Walter Russell Mead posts this morning (“To Boldly Go Where Lots Have Gone Before”) about a new science fiction anthology of environmentalist cautionary tales:
The weak link in McKibben’s strategy is that like many greens he still seems to be trying to scare the public so badly that it will overlook the many obvious and frequently fatal flaws in the hodgepodge of dubious policy ideas the green movement floats.
It’s all been done before, better, and it failed.
Science fiction writers used to focus on the horrors of nuclear war and frightened the willies out of readers for many decades. Public worry much more intense than anything the greens can gin up never got the nuclear disarmament movement over the hump — not because nuclear war isn’t bad, or because people weren’t scared, but because the nuclear disarmament movement’s policy ideas emanated from the same cloud-cuckoo-land that the green fantasies do.
(Some would say that the enviros have been spinning fiction since at least An Inconvenient Truth, but I think we need to credit the difference between outright propaganda and literary pretense. That’s when it’s done well. To see how it’s done badly, let Kevin Costner be your guide – for nuclear apocalypse, there’s The Postman, and for Noah II, there’s Waterworld. The preaching obliterates whatever story there is.)
Mead then goes on to mention two classics of the genre: A Canticle for Liebowitz and On the Beach. And I think he misses, or at least doesn’t discuss, why those books were successful even as they failed to produce daisies from nuclear bombs.
That reason comes from the title of his post. Gene Roddenberry got NBC studio execs to understand Star Trek by pitching it as Wagon Train to the stars. He understood that while the trappings of the show were the 25th Century, it really had to be about 20th Century men. You can’t tell little morality tales every week if the characters’ morality is alien to your own.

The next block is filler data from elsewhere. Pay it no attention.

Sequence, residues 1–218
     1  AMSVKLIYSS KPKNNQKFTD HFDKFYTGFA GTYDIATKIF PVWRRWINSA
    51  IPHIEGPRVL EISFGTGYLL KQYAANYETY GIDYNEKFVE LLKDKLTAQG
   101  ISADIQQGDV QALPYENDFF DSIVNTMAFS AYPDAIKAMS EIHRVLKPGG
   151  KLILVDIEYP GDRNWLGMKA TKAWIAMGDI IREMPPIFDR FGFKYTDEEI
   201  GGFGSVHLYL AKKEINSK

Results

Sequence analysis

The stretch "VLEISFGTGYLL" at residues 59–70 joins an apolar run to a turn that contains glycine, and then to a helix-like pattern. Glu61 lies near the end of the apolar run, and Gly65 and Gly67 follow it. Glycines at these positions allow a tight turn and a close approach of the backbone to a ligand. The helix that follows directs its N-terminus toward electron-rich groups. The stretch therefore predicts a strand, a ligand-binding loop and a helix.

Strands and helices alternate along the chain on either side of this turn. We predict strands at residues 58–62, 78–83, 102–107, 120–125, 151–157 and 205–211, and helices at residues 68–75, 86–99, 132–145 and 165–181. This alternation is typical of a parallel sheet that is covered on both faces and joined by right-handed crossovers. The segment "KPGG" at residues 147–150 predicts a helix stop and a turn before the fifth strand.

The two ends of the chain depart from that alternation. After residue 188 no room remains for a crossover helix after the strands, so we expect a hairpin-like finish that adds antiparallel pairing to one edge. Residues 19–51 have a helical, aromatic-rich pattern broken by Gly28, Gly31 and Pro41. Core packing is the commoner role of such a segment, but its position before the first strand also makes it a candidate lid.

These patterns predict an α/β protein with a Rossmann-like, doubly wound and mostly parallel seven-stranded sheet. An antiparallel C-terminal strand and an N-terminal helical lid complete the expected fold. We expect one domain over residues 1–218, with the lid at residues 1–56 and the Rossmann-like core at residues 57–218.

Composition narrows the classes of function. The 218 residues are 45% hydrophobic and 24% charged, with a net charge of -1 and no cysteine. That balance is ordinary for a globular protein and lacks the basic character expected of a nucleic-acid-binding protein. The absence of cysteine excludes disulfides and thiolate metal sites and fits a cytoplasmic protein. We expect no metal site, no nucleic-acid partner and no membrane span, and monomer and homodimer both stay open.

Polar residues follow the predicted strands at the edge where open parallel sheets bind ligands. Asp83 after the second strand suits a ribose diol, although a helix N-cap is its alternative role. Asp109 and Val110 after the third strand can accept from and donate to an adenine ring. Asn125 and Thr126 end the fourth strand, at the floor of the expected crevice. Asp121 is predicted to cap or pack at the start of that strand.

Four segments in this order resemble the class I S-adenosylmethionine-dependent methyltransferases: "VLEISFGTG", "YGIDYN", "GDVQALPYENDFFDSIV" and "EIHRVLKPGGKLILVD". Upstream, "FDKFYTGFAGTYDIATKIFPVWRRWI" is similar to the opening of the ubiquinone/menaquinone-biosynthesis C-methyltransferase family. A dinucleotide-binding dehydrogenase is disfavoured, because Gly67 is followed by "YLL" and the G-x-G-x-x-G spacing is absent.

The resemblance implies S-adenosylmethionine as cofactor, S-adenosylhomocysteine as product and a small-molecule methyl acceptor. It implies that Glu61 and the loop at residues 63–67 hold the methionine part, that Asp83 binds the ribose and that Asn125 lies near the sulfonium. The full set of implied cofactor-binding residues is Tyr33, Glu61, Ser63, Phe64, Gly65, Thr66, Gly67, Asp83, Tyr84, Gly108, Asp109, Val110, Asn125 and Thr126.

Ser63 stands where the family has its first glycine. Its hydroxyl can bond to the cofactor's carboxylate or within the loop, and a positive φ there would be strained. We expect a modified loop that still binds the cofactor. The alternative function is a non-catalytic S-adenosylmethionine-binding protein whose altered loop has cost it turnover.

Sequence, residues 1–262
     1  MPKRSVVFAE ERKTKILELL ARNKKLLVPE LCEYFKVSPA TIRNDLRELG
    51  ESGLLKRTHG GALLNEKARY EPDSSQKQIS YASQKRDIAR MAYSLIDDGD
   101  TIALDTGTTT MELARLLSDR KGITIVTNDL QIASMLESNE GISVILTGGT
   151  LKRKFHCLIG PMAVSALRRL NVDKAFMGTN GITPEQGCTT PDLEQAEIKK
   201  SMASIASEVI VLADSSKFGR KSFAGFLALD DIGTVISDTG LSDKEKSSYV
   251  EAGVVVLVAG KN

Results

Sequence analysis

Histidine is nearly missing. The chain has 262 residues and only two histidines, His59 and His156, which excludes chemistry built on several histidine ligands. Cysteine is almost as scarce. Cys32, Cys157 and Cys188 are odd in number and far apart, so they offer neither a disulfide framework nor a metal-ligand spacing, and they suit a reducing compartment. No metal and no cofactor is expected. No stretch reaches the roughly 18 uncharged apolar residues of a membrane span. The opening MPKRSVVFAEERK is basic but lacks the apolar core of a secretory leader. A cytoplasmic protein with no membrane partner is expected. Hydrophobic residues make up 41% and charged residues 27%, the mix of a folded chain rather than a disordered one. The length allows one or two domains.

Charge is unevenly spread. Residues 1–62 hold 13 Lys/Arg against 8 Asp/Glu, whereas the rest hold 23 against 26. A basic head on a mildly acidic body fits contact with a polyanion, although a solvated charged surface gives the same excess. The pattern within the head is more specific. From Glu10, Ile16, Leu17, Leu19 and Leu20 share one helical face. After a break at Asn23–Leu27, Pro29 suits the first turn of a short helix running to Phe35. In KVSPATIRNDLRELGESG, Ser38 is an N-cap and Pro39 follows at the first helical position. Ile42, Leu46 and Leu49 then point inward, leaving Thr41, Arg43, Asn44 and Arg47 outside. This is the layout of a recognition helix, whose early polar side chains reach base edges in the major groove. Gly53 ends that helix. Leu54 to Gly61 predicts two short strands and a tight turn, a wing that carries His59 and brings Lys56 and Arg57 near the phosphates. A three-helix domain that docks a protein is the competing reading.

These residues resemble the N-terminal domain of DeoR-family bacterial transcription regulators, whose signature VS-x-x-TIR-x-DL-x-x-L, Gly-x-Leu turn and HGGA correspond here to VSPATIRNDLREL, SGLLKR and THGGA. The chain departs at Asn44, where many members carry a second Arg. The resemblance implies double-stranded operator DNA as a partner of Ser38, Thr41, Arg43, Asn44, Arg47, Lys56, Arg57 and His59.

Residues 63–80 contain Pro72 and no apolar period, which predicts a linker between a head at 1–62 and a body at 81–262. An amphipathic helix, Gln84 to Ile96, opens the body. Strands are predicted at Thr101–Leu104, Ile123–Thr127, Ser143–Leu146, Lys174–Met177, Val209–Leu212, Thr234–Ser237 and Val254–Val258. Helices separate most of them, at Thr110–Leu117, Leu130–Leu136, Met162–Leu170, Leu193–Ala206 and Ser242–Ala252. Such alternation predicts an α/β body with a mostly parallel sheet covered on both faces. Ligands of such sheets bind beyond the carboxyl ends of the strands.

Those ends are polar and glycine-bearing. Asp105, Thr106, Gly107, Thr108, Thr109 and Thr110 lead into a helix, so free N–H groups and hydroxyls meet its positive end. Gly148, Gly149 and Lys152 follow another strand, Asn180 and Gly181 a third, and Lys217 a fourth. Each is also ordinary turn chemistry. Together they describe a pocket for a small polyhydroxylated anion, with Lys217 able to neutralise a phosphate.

A Canticle for Liebowitz wasn’t just about the devastation of nuclear war. It was really about both the resilience of humanity and its fatal flaws. Miller set it in a monastery to give it a religious cast, but those notions – human beings’ simultaneous collective strength and weakness – are timeless. How do you rebuild a civilization? Where do you start? And can any system of morality impose enough control on our demons to keep us from, in Miller’s words, “kicking it apart again and again because it’s not perfect?”
Likewise, On the Beach can really be read as a sort of Ecclesiastes for humankind as a whole: if we all die, if humanity someday is fated to end, what is the point of its existence? The end doesn’t have to come by our own hands, although that makes it tragic rather than merely pathetic. What makes the story compelling isn’t just the end of the world: it’s how people respond to its inevitability. To that extent, the very end of the book, the banner outside the church reading that There’s Still Time To Repent, comes off a little heavy-handed, one of the book’s few false notes.
The risk, of course, is in taking any of this too literally. You don’t read dystopian fiction or see dystopian movies for survival tips, personal or civilizational. You read it for the story. If they do that well, then the stories will be entertaining, and that’s all that matters. If they don’t, well, there’s always straight-to-digital.